Tommy Carlier's answer got me thinking....
A good way to visualise the differences is seperately running the two snippets (I just used LinqPAD) simliar to below while also running sysinternals Process Monitor.
File.GetLastAccessTime([file path here]);
FileInfo bob = new FileInfo(path);
string accessed = bob.LastAccessTime.ToString();
If you look at Process Monitor while running the first snippet you will see repeated and constant access attempts to the file for the LinqPAD process. The second snippet will do an initial access of the file, for which you will see activity in process monitor, and then very little afterwards.
However if you go and modify the file (I just opened the text file I was monitoring using FileInfo and added a character and saved) you will see a series of access attempts by the LinqPAD process to the file in process monitor.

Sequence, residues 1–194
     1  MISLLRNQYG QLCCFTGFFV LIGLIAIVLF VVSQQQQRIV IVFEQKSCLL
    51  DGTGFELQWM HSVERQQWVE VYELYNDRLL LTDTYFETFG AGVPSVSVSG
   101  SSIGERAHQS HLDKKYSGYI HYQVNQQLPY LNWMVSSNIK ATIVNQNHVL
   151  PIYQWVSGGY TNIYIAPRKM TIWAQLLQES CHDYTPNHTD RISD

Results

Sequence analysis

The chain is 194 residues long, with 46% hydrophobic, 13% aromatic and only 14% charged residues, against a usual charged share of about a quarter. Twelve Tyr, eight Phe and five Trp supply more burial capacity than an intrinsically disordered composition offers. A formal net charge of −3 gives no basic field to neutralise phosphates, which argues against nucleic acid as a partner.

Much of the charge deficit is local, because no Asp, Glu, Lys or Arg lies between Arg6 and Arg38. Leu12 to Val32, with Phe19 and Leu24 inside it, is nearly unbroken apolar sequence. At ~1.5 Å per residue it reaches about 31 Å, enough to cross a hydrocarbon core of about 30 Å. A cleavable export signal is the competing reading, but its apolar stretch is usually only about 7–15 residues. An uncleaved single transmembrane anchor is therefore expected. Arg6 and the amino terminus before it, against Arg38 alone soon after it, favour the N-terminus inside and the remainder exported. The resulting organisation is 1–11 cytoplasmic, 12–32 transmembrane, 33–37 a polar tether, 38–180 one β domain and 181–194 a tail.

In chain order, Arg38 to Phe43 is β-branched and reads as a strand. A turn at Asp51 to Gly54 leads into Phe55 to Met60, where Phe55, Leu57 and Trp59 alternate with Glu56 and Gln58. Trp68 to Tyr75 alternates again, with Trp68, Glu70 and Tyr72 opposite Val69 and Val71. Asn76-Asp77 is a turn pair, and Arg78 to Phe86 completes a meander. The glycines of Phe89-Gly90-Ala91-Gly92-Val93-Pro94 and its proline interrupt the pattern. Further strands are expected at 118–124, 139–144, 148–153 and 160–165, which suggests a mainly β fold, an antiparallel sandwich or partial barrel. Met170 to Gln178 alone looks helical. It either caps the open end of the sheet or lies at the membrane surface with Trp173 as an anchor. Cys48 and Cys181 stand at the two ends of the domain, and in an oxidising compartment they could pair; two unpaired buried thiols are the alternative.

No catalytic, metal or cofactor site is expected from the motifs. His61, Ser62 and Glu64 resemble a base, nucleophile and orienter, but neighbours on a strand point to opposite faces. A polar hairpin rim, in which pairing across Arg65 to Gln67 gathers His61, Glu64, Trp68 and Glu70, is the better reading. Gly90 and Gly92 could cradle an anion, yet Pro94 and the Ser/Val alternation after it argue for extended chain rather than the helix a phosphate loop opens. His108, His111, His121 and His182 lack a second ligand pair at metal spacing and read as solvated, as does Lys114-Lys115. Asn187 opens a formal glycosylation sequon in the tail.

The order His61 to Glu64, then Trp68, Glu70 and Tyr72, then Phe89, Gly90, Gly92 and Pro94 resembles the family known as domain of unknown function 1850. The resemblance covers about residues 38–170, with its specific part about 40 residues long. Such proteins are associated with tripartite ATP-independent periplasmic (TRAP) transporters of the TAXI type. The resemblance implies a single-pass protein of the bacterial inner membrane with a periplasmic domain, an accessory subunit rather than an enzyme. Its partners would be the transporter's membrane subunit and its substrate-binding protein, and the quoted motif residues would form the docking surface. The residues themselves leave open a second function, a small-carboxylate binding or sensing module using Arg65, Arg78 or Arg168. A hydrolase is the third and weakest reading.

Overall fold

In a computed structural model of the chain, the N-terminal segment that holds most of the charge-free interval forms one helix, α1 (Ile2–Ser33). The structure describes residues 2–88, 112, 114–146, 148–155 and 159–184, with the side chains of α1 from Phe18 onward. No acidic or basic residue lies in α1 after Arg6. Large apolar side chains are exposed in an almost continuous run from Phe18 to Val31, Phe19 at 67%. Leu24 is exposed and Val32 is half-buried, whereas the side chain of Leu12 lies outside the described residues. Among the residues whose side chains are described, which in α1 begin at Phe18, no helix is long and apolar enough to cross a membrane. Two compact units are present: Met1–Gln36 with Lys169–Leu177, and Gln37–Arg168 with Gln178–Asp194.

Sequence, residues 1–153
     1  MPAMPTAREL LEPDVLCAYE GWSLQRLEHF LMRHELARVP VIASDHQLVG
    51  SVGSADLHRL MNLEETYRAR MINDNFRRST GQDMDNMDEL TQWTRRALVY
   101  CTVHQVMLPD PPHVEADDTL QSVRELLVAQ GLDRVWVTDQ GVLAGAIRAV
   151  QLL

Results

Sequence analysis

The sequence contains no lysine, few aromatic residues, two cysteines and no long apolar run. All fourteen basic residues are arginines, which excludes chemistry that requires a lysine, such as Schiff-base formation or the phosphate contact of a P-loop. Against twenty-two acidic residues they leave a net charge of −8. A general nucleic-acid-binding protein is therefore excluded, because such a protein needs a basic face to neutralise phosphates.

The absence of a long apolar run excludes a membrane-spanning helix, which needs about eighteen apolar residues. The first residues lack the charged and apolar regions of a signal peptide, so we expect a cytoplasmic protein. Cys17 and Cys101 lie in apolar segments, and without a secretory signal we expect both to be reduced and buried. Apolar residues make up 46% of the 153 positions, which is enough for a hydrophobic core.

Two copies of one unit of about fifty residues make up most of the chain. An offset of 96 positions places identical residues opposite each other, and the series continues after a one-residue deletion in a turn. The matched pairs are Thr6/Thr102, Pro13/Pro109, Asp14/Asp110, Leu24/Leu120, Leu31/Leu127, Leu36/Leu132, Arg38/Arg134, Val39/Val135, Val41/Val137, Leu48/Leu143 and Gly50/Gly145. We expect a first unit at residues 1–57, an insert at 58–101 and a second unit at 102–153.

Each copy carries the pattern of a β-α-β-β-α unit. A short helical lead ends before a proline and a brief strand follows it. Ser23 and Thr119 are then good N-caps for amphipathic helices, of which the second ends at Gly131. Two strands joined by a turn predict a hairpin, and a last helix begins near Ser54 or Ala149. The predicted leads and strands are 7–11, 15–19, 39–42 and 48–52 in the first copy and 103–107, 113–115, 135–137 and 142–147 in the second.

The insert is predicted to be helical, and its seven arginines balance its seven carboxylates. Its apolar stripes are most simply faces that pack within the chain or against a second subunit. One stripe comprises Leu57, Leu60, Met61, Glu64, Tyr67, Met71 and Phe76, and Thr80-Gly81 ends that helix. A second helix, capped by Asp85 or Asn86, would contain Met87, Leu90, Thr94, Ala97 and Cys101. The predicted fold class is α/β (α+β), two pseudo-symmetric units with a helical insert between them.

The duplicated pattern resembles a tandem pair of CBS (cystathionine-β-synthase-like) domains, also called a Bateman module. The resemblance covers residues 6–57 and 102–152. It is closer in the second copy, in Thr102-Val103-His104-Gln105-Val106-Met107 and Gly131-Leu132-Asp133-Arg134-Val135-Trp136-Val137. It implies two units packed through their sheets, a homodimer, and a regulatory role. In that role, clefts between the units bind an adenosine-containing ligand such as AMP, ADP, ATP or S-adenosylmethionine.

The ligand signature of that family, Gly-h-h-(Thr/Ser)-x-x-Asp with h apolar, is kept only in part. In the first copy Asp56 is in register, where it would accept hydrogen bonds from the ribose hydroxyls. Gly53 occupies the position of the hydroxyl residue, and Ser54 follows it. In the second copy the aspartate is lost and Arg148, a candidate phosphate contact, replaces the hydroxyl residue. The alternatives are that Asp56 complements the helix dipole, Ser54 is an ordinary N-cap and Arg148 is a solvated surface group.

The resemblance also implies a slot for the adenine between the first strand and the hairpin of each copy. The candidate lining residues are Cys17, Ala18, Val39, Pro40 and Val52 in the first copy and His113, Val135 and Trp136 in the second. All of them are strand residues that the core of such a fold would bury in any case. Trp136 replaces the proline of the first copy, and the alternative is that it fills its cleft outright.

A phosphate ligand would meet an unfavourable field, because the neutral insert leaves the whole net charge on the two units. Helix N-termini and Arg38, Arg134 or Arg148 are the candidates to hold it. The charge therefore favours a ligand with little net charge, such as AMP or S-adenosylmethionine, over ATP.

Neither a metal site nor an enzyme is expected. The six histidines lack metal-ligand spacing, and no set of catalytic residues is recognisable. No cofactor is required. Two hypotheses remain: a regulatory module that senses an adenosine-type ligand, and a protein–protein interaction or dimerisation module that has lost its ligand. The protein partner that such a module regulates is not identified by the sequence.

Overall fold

This illustrates the non-cached and cached behaviour of the two different approachs respectively.
Will the non-cached approach wear a hole in the hard drive?!
I went away feeling all clever over my testing and then used the caching behaviour of FileInfo in my windows service (basically to sit in a loop and say 'Has-file-changed-has-file-changed...' before doing processing)
While this approach worked on my dev box, it did not work in the production environment, ie the process just kept running regardless if the file had changed or not. I ended up changing my approach to checking and just used GetLastAccessTime as part of it. Don't know why it would behave differently on production server....but I am not too concerned at this point.